With WA lieutenant governor in seminary school, lawmakers move to fill his legislative duties
On Tuesday, it was revealed that Washington Lieutenant Governor Cyrus Habib has been in seminary school in California since September, leaving many to wonder what duties he’s able to perform as his term winds to a close.
Habib had announced earlier in 2020 that he wouldn’t be seeking a new term as lieutenant governor to join the Jesuits. What’s been unclear in the time since has been whether he planned to serve out the remainder of his term before committing to the Jesuits full time.
According to the Associated Press, his office confirmed Tuesday that Habib stopped drawing his lieutenant governor salary on Sept. 1, but is still technically serving in the role. He is also said to be “in regular phone contact with the office and approves any documents that go out under his signature.”
Gov. Jay Inslee partially addressed the revelation during a Tuesday press conference, stating that he himself is “not fully aware” of Habib’s activities, but at the same time is “unaware of responsibilities that are not being conducted.”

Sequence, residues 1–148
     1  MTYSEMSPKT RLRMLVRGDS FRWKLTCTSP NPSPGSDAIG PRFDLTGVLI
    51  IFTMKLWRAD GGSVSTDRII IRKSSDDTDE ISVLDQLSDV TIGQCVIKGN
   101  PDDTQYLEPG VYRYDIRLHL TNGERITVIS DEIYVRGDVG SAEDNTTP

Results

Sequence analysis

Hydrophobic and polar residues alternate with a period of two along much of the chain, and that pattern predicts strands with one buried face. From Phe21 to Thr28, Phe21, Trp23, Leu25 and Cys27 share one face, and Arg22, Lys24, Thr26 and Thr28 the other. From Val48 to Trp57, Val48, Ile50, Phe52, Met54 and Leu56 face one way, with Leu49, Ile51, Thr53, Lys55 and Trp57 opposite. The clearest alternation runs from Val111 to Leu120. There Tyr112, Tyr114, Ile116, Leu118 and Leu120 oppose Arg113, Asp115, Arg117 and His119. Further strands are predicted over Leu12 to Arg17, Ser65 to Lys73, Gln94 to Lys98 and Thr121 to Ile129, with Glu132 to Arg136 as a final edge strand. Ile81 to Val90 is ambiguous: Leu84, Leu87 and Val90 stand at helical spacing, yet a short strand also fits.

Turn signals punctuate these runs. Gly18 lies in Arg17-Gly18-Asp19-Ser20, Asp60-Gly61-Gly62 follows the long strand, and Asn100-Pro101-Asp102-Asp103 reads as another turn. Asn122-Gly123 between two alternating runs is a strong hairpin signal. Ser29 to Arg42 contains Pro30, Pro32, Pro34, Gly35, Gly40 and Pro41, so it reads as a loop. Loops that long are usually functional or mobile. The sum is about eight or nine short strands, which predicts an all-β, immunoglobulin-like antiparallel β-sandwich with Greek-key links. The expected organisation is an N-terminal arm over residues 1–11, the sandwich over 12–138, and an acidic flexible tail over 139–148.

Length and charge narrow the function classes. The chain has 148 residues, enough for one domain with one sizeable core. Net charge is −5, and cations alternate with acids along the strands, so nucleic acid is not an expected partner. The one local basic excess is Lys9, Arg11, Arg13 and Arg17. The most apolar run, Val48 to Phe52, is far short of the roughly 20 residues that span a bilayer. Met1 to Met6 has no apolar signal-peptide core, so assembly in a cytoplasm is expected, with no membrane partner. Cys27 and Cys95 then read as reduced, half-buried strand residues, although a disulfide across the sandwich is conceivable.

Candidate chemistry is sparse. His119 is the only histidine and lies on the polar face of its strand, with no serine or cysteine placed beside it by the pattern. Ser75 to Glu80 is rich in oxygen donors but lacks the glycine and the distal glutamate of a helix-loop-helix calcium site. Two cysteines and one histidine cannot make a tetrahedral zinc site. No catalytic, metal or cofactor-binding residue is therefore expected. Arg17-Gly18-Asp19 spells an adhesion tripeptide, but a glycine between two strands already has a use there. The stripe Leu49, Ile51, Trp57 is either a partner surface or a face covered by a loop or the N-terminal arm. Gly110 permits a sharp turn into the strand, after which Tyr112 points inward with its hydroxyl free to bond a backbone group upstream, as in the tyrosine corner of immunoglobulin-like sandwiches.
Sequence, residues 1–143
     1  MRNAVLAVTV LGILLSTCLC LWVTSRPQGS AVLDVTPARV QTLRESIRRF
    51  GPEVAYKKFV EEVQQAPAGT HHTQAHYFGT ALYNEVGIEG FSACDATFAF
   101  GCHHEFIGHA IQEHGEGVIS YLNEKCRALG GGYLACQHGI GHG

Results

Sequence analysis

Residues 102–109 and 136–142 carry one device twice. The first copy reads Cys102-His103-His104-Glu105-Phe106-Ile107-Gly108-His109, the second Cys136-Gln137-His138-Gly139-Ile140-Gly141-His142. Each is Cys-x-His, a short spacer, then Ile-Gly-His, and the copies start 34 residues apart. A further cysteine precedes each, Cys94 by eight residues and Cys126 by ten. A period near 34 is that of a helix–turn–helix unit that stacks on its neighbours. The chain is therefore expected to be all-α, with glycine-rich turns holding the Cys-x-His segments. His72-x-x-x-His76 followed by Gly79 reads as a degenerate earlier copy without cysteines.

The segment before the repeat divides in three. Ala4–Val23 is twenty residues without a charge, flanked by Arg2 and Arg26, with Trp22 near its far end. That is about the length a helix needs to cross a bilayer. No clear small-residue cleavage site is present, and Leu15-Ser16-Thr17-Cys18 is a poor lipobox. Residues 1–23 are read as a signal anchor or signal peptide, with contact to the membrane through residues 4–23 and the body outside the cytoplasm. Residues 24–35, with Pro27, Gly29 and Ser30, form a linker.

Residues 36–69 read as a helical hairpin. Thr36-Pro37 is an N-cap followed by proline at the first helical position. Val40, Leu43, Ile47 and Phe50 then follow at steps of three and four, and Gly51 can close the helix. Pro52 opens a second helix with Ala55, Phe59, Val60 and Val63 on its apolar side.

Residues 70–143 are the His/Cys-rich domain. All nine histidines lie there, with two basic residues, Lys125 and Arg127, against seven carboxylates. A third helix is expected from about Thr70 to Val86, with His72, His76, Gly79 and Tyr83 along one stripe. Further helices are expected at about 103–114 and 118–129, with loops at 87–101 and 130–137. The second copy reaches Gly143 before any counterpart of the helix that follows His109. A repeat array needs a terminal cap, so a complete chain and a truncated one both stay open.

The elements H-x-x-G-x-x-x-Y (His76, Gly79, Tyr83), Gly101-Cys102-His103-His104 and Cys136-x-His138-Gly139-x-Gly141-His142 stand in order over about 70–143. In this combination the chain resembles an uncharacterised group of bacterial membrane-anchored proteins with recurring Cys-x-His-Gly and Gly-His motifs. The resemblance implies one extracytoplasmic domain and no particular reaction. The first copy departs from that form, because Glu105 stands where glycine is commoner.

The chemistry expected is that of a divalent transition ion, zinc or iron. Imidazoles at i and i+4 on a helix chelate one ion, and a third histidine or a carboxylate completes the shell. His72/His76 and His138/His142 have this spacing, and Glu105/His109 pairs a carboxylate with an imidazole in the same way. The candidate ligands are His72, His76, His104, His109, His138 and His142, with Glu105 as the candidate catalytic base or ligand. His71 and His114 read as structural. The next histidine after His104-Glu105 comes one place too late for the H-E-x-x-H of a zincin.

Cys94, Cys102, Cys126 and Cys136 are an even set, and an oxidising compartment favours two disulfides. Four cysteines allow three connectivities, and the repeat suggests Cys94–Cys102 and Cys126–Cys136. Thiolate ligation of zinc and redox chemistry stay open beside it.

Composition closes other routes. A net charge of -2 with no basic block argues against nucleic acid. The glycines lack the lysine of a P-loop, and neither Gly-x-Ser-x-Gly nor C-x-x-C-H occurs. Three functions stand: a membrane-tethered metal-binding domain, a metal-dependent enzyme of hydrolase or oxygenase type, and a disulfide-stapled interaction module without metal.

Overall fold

With the state’s Republican lawmakers calling for a special legislative session to address the ongoing COVID crisis, that would potentially necessitate Habib’s presence, given that the lieutenant governor also serves as the presiding officer of the state Senate. Reports claim that the Senate was not previously notified of Habib’s departure to seminary school.
“I would have thought he would have notified the Senate of his position and availability, so that’s surprising to me if that’s the case,” Inslee noted. “What I’ve been advised is that the Senate has provisions that should be able to have that not be a problem.”
“I will be making some inquiries about this to make sure there’s a workable way forward,” he added, pointing out that “given the makeup of the Legislature,” Habib also wouldn’t likely be needed to cast any tiebreaking votes on legislation as part of his role.
If a special legislative session does get called and Habib is unable to preside, that role would default to Sen. Karen Keiser, the president pro tempore of the Senate.
Democrats Denny Heck and Marko Liias are currently running to replace Habib. Heck served in Congress beginning in 2013, before announcing his retirement in December of 2019. Prior to that, he served for a decade in the Washington State House of Representatives. Liias also served in the state House between 2008 and 2013, before assuming a role in the state Senate in 2014.
You can learn about Liias and Heck from a Monday debate hosted by the League of Women Voters here.